The Garden State (Part 1)
I awoke eager to see “the garden state” in daylight for the first time in years. It took twelve hours of continuous driving to arrive at cousin John’s door, and leave it to him to make every mile worth while. It turns out that the garden state is a winter wonderland this time of year (so, no gardens), appropriately, but the scenery of John’s personality was sufficient to round out my experience.
John is actually my second cousin, and the only child of great Uncle Al and Aunt Betty who lived for many decades in Manhattan. This visit is brief, but necessary, as John is planning to take us to Al and Betty’s new assisted living home in New Jersey.
“He’s always been my favorite cousin,” Mom says to me when John steps out of the room to use the bathroom between jokes and galoshing glasses of wine.
John is over six feet tall with a growing keg belly and a loveable, full-of-cheek face. His skin is Italian olive and rosy pink, accented by deeply graying hair.
When he laughs, his arms freeze in motion and he tosses his head back gregariously as a widening smile spreads across his face. It is as if he is tossing the love of the world back into himself when he does this, drinking it up like the Greeks after a long evening of elegant debauchery.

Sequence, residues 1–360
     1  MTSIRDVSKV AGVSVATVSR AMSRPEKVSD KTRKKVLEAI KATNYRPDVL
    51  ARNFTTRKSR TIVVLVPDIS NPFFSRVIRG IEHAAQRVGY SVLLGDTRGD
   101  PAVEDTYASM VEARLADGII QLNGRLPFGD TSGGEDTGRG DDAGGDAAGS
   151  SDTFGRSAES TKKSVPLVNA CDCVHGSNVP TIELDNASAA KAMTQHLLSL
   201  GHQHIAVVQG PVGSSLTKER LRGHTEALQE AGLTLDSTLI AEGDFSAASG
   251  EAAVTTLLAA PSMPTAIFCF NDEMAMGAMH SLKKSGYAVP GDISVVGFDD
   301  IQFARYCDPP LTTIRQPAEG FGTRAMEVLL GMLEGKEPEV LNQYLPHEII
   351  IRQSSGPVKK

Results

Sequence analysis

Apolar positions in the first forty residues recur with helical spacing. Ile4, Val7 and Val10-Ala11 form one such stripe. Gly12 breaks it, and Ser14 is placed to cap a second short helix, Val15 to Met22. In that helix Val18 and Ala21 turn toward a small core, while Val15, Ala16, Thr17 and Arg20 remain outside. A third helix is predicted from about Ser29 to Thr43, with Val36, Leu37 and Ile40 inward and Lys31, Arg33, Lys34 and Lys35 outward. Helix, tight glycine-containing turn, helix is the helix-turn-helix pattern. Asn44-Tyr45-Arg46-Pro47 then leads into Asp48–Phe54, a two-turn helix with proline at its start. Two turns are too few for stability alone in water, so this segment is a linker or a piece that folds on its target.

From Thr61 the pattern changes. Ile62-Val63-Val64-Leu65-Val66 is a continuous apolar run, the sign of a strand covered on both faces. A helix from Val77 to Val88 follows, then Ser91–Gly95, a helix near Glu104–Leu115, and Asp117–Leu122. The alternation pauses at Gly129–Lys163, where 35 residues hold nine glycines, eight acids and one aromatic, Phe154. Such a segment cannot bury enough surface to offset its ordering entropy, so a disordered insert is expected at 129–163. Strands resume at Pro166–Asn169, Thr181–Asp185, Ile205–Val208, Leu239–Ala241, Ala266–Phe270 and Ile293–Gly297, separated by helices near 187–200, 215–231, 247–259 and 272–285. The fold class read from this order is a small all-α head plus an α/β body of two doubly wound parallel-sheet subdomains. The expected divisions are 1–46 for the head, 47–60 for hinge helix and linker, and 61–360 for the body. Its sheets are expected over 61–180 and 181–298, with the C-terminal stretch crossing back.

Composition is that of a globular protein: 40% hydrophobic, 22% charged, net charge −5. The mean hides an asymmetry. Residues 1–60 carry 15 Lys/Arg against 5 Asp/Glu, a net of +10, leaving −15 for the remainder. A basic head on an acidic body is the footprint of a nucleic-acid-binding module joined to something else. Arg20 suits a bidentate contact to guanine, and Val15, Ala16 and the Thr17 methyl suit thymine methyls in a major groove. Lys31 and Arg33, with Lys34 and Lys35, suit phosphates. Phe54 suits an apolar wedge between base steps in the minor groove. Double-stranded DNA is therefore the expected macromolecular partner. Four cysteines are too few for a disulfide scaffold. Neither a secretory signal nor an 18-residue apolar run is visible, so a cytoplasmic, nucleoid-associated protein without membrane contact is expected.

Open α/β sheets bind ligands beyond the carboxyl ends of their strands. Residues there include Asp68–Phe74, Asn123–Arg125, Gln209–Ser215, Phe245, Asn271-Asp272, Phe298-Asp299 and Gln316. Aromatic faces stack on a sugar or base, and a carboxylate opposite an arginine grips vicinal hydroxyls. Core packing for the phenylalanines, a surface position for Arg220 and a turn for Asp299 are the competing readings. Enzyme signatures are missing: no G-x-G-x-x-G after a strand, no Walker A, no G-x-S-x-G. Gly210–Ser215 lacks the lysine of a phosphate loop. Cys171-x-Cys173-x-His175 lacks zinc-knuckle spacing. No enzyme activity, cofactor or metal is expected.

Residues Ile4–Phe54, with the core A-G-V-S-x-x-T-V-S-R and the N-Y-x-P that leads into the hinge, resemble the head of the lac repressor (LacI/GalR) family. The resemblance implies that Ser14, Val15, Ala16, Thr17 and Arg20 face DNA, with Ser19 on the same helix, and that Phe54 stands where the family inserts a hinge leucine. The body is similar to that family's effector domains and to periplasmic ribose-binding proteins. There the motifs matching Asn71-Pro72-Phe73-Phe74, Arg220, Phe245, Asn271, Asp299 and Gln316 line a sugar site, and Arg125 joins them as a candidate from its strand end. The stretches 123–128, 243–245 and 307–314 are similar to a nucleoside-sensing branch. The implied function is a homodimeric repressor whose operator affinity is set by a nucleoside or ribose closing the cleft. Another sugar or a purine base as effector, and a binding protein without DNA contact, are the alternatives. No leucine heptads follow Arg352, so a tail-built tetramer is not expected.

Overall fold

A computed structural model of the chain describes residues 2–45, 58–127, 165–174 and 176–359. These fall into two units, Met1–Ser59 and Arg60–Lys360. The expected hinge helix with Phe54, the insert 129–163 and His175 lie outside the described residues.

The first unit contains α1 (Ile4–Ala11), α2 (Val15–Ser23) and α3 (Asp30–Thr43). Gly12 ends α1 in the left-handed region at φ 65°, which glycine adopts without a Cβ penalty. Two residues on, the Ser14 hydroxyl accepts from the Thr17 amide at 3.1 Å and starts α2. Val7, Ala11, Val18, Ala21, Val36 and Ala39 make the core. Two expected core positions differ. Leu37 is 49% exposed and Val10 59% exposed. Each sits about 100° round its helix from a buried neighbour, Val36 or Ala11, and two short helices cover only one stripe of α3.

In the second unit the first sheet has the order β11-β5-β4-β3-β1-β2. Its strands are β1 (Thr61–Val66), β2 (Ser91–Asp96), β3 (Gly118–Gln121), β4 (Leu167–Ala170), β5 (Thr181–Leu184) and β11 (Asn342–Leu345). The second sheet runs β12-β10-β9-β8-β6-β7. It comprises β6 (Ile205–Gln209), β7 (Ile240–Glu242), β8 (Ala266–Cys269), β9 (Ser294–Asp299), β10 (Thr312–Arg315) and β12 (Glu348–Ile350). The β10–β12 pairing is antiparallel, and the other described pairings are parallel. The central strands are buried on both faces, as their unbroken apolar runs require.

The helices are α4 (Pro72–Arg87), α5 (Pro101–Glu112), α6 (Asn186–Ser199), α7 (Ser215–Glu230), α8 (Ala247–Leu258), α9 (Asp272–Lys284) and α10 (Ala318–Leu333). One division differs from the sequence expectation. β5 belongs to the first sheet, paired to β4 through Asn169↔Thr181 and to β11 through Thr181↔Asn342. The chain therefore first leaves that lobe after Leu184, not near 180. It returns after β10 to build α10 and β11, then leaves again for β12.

“You’ve gotta try this, try it, here, try it, it’s unbelieveable, God help us,” he half-hollered across the kitchen island last night.
“It’s about five different types of rum, garnered with pineapple chunks that have been saturated in it for two weeks.
Two bites of those puppies at about two-hundred proof each and you’re done for.”
He pours my mother and I a shot of the concoction. The evening roars onward like a blues cruise through the Caribean. John takes one solo after the next, guiding our midnight band through politically incorrect jokes, herioc stories of pediatric miracles (his speciality), and memories of the legendary Nyhan family from which he descends.
In the morning he is alerty yet slightly hungover. My parents and I are adorned with books, bottles of wine, and promises of gatherings at his house in East Hampton as we load up the car. Dad rides with John in the new Audi, its seamless ivory body gleaming under frostbitten sunlight. Mom and I follow behind them in my dirty, dependable Chrysler.
It takes fifty-five minutes to drive forteen miles through interstate traffic to Fransiscan Oaks, Al and Betty’s new assisted living home. Despite his jolity, John has made it clear that he disapproves of his father, my beloved Uncle Al. This is the only part of our visit that I cannot resonate with. As we enter the sterile yet homey doors of Fransiscan Oaks, this thought tugs at my conscience and I am unsure what to expect once we all get in the same room…(to be continued)